Sichuan Yuxiang Eggplant (Yuxiang Qiezi, 鱼香茄子)
Chengdu Challenge #3: ‘Fish-Fragrant’ Husband Treat
This Sichuan classic is many people’s, including my husband, Craig’s, favorite Chinese dish. If dandan noodles was my aha moment—You mean this is what real Chinese food actually tastes like?—yuxiang eggplant was his. We first had it on our first trip to Chengdu, in 2007, where despite all the amazing pork-centric food we gorged on, this vegetable dish stood out for its luxurious texture and perfect sweet-sour-salty-bitter-umami balance. We’ve had it many times since, both in Sichuan and at home in the U.S., from professional kitchens and from our own, and I’ve long searched for the perfect recipe.
In the U.S. it’s often called eggplant with garlic sauce, assumedly because restaurant owners don’t think “fish-fragrant,” the literal meaning of 鱼香 (yúxiāng), translates. But yuxiang really means that it’s cooked in the style of fish, or with the seasonings that might be used with fish in Sichuan. This sauce is such a winner that Sichuan cooks have yuxianged just about anything; the most popular besides eggplant is pork slivers, but The Cookbooks also have recipes for chicken, tofu, lamb liver and even (English) peas. Can’t wait to try that one! And, yes, I believe yuxiang deserves to be a verb. You are definitely going to want to do it.
I think of yuxiang as semi-sweet-and-sour, as it usually includes a bit of black vinegar and sugar. For some heat, it features either chili bean paste (doubanjiang) or pickled red chilies. Most recipes I’ve seen for yuxiang eggplant use the chili bean paste. Proving that there’s a wide variation to the approach for every classic dish—and that not every chef in Chengdu is genius—when I was last in Sichuan I had a plate of yuxiang qiezi that was too sweet to eat. So go easy on the sugar.
Even though it’s my husband’s favorite, I have to admit that I don’t make it frequently because it requires deep-frying the eggplant. Sometimes I shallow fry it in less oil, but let’s face it, it’s just not as good as the sinful deep-fried version, all golden on the outside and melty in the middle. I’ve made this in Chengdu, at the Sichuan Higher Institute of Cuisine and with a chef friend at my business partner’s home. They always deep-fry it.
But deep-frying, in a wok, in several batches, can be time-consuming, so I definitely have to be in a loving, giving mood. Or I have to lovingly talk Craig into manning the wok—which, I should say, he always happily does.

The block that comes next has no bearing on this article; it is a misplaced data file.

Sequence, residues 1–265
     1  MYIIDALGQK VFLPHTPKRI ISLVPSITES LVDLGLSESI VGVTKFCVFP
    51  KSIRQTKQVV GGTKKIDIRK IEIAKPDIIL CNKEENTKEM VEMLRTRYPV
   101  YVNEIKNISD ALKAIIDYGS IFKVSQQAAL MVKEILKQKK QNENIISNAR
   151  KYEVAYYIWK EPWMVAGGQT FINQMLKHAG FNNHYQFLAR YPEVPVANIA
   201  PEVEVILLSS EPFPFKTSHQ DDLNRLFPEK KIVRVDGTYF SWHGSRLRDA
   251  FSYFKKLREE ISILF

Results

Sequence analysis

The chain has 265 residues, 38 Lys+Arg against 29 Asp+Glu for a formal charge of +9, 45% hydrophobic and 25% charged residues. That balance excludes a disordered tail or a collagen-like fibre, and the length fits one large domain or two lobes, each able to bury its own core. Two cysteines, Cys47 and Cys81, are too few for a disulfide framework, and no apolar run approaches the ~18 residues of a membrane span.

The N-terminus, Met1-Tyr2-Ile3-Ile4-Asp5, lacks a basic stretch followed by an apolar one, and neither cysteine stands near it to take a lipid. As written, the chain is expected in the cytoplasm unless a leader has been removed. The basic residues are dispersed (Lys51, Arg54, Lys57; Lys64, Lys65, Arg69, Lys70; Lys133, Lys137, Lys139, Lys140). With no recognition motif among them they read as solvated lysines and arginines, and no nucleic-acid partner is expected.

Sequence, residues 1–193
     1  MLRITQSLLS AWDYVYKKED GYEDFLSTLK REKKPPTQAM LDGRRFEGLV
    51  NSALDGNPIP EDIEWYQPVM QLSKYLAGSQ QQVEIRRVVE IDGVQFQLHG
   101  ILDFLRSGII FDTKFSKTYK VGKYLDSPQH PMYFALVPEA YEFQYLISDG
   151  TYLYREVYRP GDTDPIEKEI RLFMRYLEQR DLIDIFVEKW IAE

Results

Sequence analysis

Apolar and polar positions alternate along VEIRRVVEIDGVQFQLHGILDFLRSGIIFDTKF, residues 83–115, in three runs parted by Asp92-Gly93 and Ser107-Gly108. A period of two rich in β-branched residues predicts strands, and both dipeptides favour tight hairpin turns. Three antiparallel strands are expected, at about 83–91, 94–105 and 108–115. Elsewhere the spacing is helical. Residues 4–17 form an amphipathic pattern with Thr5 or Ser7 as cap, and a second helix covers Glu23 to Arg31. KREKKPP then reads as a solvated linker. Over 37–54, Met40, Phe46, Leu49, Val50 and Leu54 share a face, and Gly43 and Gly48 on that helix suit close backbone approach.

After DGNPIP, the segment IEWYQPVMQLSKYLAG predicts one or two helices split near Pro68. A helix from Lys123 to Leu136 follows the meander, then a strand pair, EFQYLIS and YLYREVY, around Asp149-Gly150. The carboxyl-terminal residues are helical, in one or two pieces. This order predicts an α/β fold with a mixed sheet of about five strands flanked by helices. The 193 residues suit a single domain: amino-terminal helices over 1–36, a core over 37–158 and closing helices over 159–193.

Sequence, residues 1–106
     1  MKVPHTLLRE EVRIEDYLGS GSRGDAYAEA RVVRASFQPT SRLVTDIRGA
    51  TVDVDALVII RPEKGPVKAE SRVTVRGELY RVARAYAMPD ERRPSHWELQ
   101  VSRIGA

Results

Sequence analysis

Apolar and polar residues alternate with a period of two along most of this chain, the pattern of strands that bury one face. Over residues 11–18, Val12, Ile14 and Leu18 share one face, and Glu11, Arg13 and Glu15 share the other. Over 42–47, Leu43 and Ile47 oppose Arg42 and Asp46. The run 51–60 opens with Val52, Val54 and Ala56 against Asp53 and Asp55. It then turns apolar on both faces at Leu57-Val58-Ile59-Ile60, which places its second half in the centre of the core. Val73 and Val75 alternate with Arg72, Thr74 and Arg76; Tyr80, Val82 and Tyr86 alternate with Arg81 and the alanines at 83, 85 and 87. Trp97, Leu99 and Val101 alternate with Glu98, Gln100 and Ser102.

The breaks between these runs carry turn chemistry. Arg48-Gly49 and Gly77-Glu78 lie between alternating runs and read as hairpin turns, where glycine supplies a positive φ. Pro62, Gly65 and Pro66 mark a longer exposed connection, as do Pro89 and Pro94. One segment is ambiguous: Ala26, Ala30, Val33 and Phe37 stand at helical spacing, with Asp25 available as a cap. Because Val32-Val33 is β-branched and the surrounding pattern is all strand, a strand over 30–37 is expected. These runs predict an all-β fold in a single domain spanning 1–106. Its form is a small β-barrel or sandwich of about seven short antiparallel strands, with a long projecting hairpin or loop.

This recipe is adapted from The Good Food of Szechwan, the first English-language Sichuan cookbook, published in 1974. The recipe strangely does not include vinegar, which for me is a must, so I added some. And I upped the amount of scallions because they not only taste good but add a shock of color. The recipe calls for a quarter-pound of pork mince in the sauce, but this luscious eggplant, already bursting with flavor, doesn’t need it, so I left that out. I also deep-fry the eggplant longer and browner than it recommends, because I like a slightly crispy exterior to contrast with the creamy middle.
The headnote to the recipe says, “Somewhat hot, this dish tastes best when the garlic is literally overpowering.” I take the word literally literally, and I don’t want to be literally overpowered by anything, so I used the minimum recommendation of 3 tablespoons. But you garlic fiends might try up to 5 tablespoons.
However, the search for the perfect yuxiang eggplant dish may be over, because I have to say this early English-language recipe for yuxiang qiezi is still one of the best.
Sichuan Yuxiang Eggplant (Yuxiang Qiezi, 鱼香茄子)
- 1 ⅓ to 1 ½ pounds Asian eggplant (about 3 large ones), partially peeled in "stripes" or unpeeled, quartered lengthwise and cut into 3-inch pieces; or one large globe eggplant cut in similar size
- 1 ½ cups (or enough to deep-fry) peanut or canola oil
- 2 tablespoons Chinese light soy sauce (Zhongba preferred)
- 1 tablespoon Zhenjiang (Chinkiang) black vinegar
- 1 teaspoon sugar
- ½ teaspoon freshly ground Sichuan pepper see note
- ½ cup chicken broth
- 3 tablespoons fresh garlic, finely chopped
- 3 tablespoons fresh ginger, finely chopped
- 1 tablespoon Pixian doubanjiang (chili bean paste)
- 5 to 6 green onions, cut into 1-inch lengths
- 2 teaspoons cornstarch mixed with 4 teaspoons water
- 2 teaspoons sesame oil
- If you are using Asian eggplant there is no need to salt the eggplant to reduce bitterness. If you are using globe eggplant, salt the pieces lightly and let them drain in a colander for 30 minutes before frying.
- Heat a dry wok until quite hot, add oil and heat until a test bit of eggplant sizzles when it hits the oil (about 350°F). Add about a third of the eggplant pieces to the wok, but do not crowd it. Fry the pieces until lightly golden, in three batches. Remove and drain on paper towels.
- Mix the soy sauce, Zhenjiang vinegar, sugar, Sichuan pepper and chicken broth together in a measuring cup as the seasoning liquid.
- Pour off all but 3 tablespoons of the oil and reheat. Add the garlic and ginger and stir-fry until cooked but not browned, then add the chili bean paste and cook until fragrant. Add the seasoning liquid, give a stir, then add the green onions and cook briefly.
- Add the eggplant back to the wok and gently mix and turn it in the sauce. Stir in the cornstarch mixture and cook until sauce thickens. Add sesame oil and remove to platter.